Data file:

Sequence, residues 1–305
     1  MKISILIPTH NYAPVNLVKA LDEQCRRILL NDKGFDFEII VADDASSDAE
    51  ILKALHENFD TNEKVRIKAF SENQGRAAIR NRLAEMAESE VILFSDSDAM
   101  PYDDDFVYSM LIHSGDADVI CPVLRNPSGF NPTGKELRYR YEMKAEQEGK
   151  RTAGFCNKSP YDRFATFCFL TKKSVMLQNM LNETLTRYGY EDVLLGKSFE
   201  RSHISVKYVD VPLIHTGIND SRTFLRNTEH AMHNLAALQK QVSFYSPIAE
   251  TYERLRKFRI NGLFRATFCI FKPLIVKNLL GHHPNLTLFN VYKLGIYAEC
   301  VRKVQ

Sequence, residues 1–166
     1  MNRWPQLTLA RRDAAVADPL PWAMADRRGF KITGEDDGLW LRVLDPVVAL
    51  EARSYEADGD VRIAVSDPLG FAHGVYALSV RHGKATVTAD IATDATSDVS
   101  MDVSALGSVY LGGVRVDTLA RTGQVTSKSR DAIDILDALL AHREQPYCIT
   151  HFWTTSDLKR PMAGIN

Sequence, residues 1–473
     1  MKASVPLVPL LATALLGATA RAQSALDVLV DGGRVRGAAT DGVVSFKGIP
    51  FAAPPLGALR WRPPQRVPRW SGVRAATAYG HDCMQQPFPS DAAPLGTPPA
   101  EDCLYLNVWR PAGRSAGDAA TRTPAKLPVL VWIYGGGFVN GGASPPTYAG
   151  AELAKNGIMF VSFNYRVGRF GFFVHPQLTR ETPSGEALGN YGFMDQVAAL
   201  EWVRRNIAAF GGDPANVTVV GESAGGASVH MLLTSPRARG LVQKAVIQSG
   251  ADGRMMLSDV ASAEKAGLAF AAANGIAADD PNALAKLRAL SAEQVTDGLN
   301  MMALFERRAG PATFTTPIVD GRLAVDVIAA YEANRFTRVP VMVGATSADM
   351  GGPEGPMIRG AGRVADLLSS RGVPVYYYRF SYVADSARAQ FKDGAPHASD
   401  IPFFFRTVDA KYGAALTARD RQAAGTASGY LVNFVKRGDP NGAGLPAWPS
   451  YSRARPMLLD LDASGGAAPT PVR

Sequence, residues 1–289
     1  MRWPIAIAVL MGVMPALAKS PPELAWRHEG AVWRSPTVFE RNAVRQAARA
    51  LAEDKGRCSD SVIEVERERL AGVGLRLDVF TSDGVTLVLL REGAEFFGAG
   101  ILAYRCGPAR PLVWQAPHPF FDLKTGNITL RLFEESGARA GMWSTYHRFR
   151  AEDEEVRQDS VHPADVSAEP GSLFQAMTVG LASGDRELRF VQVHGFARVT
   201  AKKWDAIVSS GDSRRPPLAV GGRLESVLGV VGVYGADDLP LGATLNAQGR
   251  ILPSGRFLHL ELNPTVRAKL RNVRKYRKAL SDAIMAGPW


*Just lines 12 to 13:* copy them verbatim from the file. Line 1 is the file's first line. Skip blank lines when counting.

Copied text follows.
   101  MDVSALGSVY LGGVRVDTLA RTGQVTSKSR DAIDILDALL AHREQPYCIT
   151  HFWTTSDLKR PMAGIN